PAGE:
The Great Debate

from Edward Hadas:

Fear no robot overlords. They can become our best friends.

By Edward Hadas
October 30, 2014

RTR4BYB0 (1).jpg

The “konditorei” in Sankt Florian, Austria offers fine pastries and wonderful hot chocolate. It was the perfect location to interrupt a holiday for a bit of work. Over a slice of strudel, I spent a few minutes last week contemplating my colleague Andy Mukherjee’s well argued article about the danger robots pose for the modern economy. Looking around the bakery-cafe, I saw why Andy should be proven wrong.

Why Israel doesn’t care what Obama thinks, or even what officials call Netanyahu

By Dimi Reider
October 30, 2014

bibichick

When a senior U.S. official calls Israeli Prime Minister Benjamin Netanyahu “chickens–t,” you know the Israeli-American relationship has reached a new low point. The putdown was reported in The Atlantic just days after the Israeli defense minister’s request to meet with U.S. national security officials was rebuffed. Adding insult to injury, the rebuff was leaked to the press. While the White House distanced itself somewhat from the mudslinging, it did not retract any of the more substantive claims about U.S. discontent with Netanyahu’s policies.

How the Ebola quarantine became a ‘states’ rights’ issue

By Howard Markel
October 30, 2014

Governor of New Jersey Chris Christie speaks during a news conference about New York's first case of Ebola, in New York

What if someone with a deadly and mysterious infectious disease arrived at one of the largest urban centers in the United States? Certainly, we would expect the White House to consult the finest scientific minds in the federal government, academia and medicine to develop the best, most evidence-based approach to the contagious crisis.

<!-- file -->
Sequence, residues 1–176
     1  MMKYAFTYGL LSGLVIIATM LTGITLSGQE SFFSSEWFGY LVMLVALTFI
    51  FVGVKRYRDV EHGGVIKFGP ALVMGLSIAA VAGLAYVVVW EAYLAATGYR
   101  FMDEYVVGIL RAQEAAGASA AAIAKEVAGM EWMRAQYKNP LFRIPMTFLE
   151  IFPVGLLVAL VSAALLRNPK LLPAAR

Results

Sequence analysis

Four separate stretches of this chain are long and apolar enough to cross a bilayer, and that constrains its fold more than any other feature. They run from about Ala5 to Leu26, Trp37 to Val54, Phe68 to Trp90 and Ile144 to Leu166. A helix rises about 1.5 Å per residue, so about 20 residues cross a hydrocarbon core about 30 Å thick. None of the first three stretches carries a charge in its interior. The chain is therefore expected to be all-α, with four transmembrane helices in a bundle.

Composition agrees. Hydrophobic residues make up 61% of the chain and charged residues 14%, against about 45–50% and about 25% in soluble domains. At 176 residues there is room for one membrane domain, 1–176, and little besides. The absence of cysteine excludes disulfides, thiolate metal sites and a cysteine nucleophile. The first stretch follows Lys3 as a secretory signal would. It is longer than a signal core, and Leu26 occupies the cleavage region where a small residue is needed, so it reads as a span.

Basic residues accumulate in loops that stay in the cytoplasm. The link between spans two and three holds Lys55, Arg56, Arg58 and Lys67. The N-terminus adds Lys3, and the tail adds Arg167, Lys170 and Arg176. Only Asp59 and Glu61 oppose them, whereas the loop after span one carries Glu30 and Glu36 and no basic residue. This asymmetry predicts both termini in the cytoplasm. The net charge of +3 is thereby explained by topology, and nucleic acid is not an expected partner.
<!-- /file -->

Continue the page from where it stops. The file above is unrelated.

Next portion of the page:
Elections were a wild party in the 1880s — that’s one reason why more people voted back then

By Donald P. Green
October 29, 2014

A man dressed as Uncle Sam drums up the crowd at an election campaign rally in Saginaw.

The United States has a low voter turnout by comparison to other Western democracies, and our turnout in midterm elections is especially abysmal, attracting roughly 40 percent of eligible voters to the polls.

The U.S.-Iran non-alliance alliance against Islamic State

By Aki Peritz and Faris Alikhan
October 29, 2014

Smoke rise over Syrian town of Kobani after an airstrike, as seen from the Mursitpinar crossing on the Turkish-Syrian border

One irony about the fight against Islamic State is that the nations now striking the extremist group the hardest also dislike each other the most.

from Breakingviews:

Rob Cox: Zuckerberg’s Chinese lessons are scalable

October 28, 2014

By Rob Cox

The author is a Reuters Breakingviews columnist. The opinions expressed are his own. 

Recent mandatory quarantine policies are unscientific–and dangerous

By Celine Gounder
October 28, 2014

q2.jpg

On Thursday, Governors Andrew Cuomo of New York and Chris Christie of New Jersey announced a mandatory 21-day quarantine for returning healthcare workers from Ebola-ravaged Guinea, Sierra Leone and Liberia. Illinois Governor Pat Quinn followed suit a day later. Other U.S. states, including Minnesota, Georgia and Connecticut, have introduced similar measures.

from Stories I’d like to see:

Why Election Day won’t hold the answer to who will control the Senate for the next two years

By Steven Brill
October 28, 2014

Republican U.S. Senator Roberts campaigns at a conservative rally in Gardner

Scoping out the Senate Majority:

It seems likely that which party controls the U.S. Senate for the next two years will not be decided on Election Day.

Surprising source offers signs the global ‘war on drugs’ may be ending

By John Collins
October 28, 2014

U.S. coast guard officers stand next to seized cocaine packages, on the deck of the U.S. Coast Guard Cutter Boutwell at Naval Base San Diego

The contentious debate over international drug policy was potentially transformed a few weeks ago, when the United States strongly reiterated a major shift in policy.

How the West buys ‘conflict antiquities’ from Iraq and Syria (and funds terror)

By Sam Hardy
October 27, 2014

1“Many antique collectors unwillingly support terrorists like Islamic State, ” Michel van Rijn, one of the most successful smugglers of antique artifacts in the past century, told German broadcaster Das Erste this month.